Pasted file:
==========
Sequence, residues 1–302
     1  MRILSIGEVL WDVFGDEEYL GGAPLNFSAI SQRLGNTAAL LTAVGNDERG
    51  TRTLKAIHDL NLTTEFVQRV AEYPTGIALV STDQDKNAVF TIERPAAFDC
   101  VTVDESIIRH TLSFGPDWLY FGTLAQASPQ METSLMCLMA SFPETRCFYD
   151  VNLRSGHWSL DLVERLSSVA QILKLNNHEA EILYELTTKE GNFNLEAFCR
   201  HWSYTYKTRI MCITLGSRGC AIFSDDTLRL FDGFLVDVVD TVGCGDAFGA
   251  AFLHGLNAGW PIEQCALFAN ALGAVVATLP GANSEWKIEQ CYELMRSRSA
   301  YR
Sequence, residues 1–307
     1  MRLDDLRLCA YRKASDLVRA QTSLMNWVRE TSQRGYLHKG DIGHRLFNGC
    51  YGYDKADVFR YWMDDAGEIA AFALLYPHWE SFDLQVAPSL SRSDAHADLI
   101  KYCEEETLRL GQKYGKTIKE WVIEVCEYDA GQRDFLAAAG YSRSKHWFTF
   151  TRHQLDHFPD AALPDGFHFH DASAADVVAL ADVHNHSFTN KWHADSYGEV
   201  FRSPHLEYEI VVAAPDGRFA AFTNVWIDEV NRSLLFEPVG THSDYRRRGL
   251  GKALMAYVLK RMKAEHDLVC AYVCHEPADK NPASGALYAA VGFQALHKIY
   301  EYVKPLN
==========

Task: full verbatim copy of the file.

Sequence, residues 1–302
     1  MRILSIGEVL WDVFGDEEYL GGAPLNFSAI SQRLGNTAAL LTAVGNDERG
    51  TRTLKAIHDL NLTTEFVQRV AEYPTGIALV STDQDKNAVF TIERPAAFDC
   101  VTVDESIIRH TLSFGPDWLY FGTLAQASPQ METSLMCLMA SFPETRCFYD
   151  VNLRSGHWSL DLVERLSSVA QILKLNNHEA EILYELTTKE GNFNLEAFCR
   201  HWSYTYKTRI MCITLGSRGC AIFSDDTLRL FDGFLVDVVD TVGCGDAFGA
   251  AFLHGLNAGW PIEQCALFAN ALGAVVATLP GANSEWKIEQ CYELMRSRSA
   301  YR
Sequence, residues 1–307
     1  MRLDDLRLCA YRKASDLVRA QTSLMNWVRE TSQRGYLHKG DIGHRLFNGC
    51  YGYDKADVFR YWMDDAGEIA AFALLYPHWE SFDLQVAPSL SRSDAHADLI
   101  KYCEEETLRL GQKYGKTIKE WVIEVCEYDA GQRDFLAAAG YSRSKHWFTF
   151  TRHQLDHFPD AALPDGFHFH DASAADVVAL ADVHNHSFTN KWHADSYGEV
   201  FRSPHLEYEI VVAAPDGRFA AFTNVWIDEV NRSLLFEPVG THSDYRRRGL
   251  GKALMAYVLK RMKAEHDLVC AYVCHEPADK NPASGALYAA VGFQALHKIY
   301  EYVKPLN